The Debate Over Social Media at the Office

Boon or Bane?

Smartphones, personal digital assistants, texting, blogs, social media. They're all part of the workplace now, and how companies deal with them is a direct reflection of their corporate culture. Some encourage employees to hop on Twitter and Facebook, to help build their brand online and take advantage of viral marketing. But there are more businesses concerned with lost productivity, security risks and distracted workers on the job, and they are inclined to cutting off access to social media or banning the use of personal technology in the office entirely.

In interviews with more than 1,400 chief information officers, Robert Half Technology, an IT staffing firm, found that 54 percent banned employee access to social media sites. Some workers jump on the sites only at work, the research firm Nucleus IT found, and spend as much as two hours a day on them.

"It's interesting to track how companies, on the one hand, want their people to be connected to and part of the latest technology trends, but, on the other hand, they want to limit or control what happens then," says Chris Boudreaux, an author and blogger who maintains socialmediagovernance.com, which has compiled more than 100 corporate policies on social media.

For example, at American Honda Motor Co., the U.S. arm of the Japanese auto manufacturer, employees must make a "business case" for access to social media and certain popular websites, including Facebook, MySpace, Twitter and YouTube. "We trust our folks but we're also transparent with them," says Marcos Frommer, a company spokesman. "You need to tell us why you need access to those sites for business purposes."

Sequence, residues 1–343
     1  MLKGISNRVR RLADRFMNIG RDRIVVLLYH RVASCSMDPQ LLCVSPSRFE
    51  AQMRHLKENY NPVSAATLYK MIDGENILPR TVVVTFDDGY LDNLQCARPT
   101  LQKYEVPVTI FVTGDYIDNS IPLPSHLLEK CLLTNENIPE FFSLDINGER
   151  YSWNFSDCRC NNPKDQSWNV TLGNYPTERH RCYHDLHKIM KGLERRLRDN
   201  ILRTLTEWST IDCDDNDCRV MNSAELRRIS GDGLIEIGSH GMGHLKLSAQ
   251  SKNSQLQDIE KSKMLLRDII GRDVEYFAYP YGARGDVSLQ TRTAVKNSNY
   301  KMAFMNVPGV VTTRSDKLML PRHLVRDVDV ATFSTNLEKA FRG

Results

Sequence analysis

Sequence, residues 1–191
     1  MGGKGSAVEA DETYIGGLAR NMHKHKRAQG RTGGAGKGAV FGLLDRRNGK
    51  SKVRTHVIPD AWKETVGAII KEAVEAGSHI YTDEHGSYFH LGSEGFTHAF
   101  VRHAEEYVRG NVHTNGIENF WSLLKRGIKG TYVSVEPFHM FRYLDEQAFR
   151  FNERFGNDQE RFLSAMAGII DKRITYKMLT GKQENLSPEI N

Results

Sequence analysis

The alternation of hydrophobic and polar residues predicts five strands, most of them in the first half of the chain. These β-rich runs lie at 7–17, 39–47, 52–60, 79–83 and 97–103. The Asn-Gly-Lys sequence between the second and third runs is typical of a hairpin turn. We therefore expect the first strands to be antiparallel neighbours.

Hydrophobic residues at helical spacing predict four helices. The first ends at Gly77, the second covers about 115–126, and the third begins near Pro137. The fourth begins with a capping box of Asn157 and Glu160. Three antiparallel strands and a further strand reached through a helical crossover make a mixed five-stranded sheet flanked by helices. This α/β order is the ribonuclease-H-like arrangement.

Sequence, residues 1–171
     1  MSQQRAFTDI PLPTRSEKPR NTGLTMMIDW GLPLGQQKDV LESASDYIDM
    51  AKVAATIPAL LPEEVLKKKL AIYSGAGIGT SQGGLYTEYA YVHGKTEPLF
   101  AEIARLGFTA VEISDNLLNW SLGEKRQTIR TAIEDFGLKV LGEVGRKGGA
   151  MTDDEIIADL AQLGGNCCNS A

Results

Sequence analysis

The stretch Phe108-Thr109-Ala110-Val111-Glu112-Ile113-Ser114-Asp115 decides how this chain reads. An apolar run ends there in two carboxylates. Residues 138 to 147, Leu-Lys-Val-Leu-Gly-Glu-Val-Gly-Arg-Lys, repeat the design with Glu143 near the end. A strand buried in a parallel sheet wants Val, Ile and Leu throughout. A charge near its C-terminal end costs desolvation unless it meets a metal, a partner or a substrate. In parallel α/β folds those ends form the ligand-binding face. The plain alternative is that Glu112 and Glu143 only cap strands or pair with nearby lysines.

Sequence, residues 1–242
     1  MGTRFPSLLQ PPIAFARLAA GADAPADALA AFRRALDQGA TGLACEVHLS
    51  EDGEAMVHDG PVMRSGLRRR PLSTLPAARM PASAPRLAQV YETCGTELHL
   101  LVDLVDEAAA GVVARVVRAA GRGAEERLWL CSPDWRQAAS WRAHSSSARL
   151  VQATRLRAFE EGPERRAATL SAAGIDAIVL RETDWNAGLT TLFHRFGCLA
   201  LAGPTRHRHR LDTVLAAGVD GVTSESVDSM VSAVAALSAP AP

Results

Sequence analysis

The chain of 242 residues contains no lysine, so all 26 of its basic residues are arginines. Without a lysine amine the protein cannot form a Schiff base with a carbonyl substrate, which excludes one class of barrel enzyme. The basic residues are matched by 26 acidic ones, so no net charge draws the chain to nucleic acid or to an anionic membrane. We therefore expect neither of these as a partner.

Kaiser Permanente, the healthcare provider, has a similar policy--employees may use social media for work purposes but only if following detailed rules, such as maintaining patients' privacy rights, being respectful and abiding by copyright law.

On the other hand, Zappos.com Inc. ascended to net lore when Amazon paid $1 billion to buy the shoe e-tailer, partly for the online outreach expertise of its employees. Razorfish, a digital ad agency, encourages its employees to be at the social media fore. And IBM has set up well-received employee blogs, with a disclaimer on its website that the opinions expressed aren't necessarily those of the firm.

Highly regulated businesses, such as financial services, have imposed some of the toughest rules banning cells, PDAs, texting, IM-ing and blogging, says Gary McGraw, chief technology officer of Cigital, an international software and security consulting company.

"Most people haven't caught up with the reality that personal electronic devices really have become small but very powerful, mobile computers," McGraw says. "And that has big implications for what's going to go on in the workplace." --C.M.

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This article was originally published in the March 2010 print edition of Entrepreneur with the headline: The Debate Over Social Media at the Office.

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